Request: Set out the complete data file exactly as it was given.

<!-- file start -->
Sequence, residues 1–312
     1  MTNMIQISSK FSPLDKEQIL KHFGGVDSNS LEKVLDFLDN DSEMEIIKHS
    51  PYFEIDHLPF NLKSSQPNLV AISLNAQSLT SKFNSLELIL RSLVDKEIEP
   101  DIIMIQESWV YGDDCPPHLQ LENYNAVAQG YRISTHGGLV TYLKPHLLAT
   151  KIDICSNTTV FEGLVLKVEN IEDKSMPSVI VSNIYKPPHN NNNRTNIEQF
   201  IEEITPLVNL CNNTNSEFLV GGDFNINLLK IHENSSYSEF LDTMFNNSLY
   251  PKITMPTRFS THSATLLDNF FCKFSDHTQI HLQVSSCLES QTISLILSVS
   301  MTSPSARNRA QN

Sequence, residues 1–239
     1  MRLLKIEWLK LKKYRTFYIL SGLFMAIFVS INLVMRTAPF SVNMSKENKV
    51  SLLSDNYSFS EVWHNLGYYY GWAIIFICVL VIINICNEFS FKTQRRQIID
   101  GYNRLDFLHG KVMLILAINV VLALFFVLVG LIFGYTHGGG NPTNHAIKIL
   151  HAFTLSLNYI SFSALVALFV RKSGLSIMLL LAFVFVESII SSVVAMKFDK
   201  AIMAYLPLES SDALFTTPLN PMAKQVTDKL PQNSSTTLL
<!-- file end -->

Sequence, residues 1–312
     1  MTNMIQISSK FSPLDKEQIL KHFGGVDSNS LEKVLDFLDN DSEMEIIKHS
    51  PYFEIDHLPF NLKSSQPNLV AISLNAQSLT SKFNSLELIL RSLVDKEIEP
   101  DIIMIQESWV YGDDCPPHLQ LENYNAVAQG YRISTHGGLV TYLKPHLLAT
   151  KIDICSNTTV FEGLVLKVEN IEDKSMPSVI VSNIYKPPHN NNNRTNIEQF
   201  IEEITPLVNL CNNTNSEFLV GGDFNINLLK IHENSSYSEF LDTMFNNSLY
   251  PKITMPTRFS THSATLLDNF FCKFSDHTQI HLQVSSCLES QTISLILSVS
   301  MTSPSARNRA QN

Sequence, residues 1–239
     1  MRLLKIEWLK LKKYRTFYIL SGLFMAIFVS INLVMRTAPF SVNMSKENKV
    51  SLLSDNYSFS EVWHNLGYYY GWAIIFICVL VIINICNEFS FKTQRRQIID
   101  GYNRLDFLHG KVMLILAINV VLALFFVLVG LIFGYTHGGG NPTNHAIKIL
   151  HAFTLSLNYI SFSALVALFV RKSGLSIMLL LAFVFVESII SSVVAMKFDK
   201  AIMAYLPLES SDALFTTPLN PMAKQVTDKL PQNSSTTLL